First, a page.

Roman Villa and mosaics--page 1

early 4th century



(NOTE: these photographs were taken in 1983; excavations and new discoveries have continued since then.)

The ownership of this large (460' x 330') country estate in central Sicily has been debated. Once thought to be a retirement home of the Emperor Maximian, it is now suggested that the owner had connections with Africa. A mosaic depicting a personification of Africa and the long hallway mosaic depicting the capture and transport of exotic animals give credence to this speculation. It is also thought that the mosaic artisans were from North Africa. This unwalled estate has a complicated asymmetrical plan with rooms in a variety of shapes and with various changes of axis.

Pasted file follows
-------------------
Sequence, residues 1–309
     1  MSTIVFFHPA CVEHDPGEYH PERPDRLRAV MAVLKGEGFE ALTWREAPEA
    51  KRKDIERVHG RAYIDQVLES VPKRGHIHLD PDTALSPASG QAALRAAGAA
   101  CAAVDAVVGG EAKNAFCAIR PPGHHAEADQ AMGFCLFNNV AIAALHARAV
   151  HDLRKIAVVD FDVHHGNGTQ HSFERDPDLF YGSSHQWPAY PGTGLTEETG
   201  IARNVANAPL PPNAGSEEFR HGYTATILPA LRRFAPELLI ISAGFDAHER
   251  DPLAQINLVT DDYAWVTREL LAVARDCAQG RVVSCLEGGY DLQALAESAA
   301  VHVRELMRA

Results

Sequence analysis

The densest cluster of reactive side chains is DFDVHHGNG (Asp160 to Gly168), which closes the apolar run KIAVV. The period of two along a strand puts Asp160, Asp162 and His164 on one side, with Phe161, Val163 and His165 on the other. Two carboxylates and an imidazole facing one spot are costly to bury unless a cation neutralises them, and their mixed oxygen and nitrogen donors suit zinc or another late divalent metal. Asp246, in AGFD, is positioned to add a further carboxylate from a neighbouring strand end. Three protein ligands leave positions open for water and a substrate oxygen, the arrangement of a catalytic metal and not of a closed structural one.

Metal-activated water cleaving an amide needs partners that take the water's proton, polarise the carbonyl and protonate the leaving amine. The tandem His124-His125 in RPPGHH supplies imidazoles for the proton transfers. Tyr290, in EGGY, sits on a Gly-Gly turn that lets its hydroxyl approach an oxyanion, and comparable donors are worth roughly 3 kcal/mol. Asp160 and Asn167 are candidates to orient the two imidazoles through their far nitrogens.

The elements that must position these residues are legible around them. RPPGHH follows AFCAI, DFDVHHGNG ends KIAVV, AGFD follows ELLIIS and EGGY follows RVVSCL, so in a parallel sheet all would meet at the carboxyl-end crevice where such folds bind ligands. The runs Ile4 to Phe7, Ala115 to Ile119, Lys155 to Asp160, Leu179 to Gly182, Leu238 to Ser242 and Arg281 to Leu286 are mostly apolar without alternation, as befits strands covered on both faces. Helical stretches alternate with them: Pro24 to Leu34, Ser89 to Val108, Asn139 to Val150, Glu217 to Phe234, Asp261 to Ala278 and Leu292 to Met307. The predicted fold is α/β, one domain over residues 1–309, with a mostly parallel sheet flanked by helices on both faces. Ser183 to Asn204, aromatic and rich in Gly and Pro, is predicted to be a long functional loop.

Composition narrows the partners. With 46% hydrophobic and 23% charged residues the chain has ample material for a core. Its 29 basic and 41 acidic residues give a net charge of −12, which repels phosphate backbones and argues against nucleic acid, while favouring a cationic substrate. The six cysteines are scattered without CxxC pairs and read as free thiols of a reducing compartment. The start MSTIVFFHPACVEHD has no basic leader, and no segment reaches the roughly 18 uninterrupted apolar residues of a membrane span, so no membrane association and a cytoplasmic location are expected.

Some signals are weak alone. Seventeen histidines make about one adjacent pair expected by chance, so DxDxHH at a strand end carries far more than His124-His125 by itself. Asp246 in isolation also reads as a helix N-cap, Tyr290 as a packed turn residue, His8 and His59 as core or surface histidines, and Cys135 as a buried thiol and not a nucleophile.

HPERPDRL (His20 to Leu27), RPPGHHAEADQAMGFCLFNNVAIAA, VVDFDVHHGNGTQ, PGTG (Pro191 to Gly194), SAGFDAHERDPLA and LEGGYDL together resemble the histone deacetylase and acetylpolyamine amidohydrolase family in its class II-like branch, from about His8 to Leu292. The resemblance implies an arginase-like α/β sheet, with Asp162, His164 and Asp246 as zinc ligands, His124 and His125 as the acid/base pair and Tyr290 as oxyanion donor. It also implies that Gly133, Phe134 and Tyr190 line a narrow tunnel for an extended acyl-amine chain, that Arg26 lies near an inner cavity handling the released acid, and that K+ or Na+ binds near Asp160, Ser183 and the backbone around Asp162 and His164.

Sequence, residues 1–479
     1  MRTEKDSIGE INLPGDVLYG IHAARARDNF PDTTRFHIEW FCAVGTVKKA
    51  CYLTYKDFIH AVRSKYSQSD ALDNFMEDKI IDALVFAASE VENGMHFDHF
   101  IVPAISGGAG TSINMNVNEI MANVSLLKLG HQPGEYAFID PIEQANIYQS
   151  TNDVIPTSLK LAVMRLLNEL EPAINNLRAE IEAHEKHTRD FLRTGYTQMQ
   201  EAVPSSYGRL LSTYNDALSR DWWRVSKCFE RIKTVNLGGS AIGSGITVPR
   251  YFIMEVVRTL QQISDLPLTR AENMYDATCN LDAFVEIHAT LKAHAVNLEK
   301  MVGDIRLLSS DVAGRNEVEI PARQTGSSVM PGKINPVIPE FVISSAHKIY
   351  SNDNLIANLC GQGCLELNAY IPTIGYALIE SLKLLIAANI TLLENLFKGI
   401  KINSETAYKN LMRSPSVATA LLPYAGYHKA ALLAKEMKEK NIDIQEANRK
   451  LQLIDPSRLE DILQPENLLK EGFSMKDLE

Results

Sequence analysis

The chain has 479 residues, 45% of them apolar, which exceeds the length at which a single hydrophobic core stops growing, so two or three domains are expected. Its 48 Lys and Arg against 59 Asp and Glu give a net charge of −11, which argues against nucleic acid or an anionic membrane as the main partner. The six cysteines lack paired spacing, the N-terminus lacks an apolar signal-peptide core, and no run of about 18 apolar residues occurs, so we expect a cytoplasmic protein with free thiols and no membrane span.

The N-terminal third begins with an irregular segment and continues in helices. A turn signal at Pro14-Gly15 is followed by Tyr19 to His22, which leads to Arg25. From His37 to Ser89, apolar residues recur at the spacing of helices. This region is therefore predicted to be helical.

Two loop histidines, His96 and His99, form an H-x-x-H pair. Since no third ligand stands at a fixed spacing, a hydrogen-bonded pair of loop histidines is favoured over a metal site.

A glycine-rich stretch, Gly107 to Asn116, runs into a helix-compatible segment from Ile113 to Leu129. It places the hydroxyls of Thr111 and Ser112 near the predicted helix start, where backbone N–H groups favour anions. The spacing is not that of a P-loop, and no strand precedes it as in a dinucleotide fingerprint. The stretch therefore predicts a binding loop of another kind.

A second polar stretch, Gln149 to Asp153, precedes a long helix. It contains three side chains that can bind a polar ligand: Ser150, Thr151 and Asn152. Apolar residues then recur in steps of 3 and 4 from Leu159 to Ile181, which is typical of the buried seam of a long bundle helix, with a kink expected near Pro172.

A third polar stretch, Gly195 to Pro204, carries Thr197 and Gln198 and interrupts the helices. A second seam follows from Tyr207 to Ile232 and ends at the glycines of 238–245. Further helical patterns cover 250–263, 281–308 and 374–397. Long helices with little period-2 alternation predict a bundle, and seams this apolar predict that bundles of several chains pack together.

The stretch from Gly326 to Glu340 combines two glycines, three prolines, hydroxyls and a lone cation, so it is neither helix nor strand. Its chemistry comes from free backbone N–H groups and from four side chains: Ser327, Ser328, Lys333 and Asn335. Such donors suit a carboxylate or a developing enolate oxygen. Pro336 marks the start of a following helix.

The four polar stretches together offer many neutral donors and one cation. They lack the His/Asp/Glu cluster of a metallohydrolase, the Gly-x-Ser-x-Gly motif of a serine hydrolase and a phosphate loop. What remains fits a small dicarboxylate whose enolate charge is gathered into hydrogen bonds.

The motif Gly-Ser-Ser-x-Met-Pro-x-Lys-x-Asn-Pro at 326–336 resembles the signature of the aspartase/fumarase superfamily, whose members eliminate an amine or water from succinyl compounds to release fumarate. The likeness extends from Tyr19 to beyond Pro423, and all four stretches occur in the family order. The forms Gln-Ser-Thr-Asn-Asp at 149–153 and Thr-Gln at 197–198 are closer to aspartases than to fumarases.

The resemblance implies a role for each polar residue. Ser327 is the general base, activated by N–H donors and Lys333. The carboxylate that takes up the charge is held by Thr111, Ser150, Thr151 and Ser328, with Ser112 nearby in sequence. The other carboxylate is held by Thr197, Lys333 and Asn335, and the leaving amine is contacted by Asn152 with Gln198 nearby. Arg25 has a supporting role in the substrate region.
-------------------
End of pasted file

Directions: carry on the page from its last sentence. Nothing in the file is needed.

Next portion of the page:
The side with the baths in the background and the heating system for the baths' water

The original entrance was to the right--today with free-standing columns and without a roof. Plexiglass roofs and internal catwalks protect the remains of most of the structure and floor mosaics.

 

The frigidarium with mosaics depicting Cupids as fishermen

 

The peristyle and one of the small rooms

The glory of this large villa is the mosaic decoration. Over forty rooms are covered by about 4200 square yards of mosaics, some purely decorative, others with narrative subject matter.
 

Another room with fishing Cupids

In addition to mythological and decorative motifs, the themes of the mosaics include fishing cupids, the hunt of local animals (as one of the pastimes of noble Roman landowners), the capture of wild animals, and chariot racing.



Click here to see page 2--hunt mosaics.



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Copyright © Mary Ann Sullivan. I have photographed (on site), scanned, and manipulated all the images on these pages. Please feel free to use them for personal or educational purposes. (I would appreciate being told if you find them useful.) They are not available for commercial purposes without my explicit permission.

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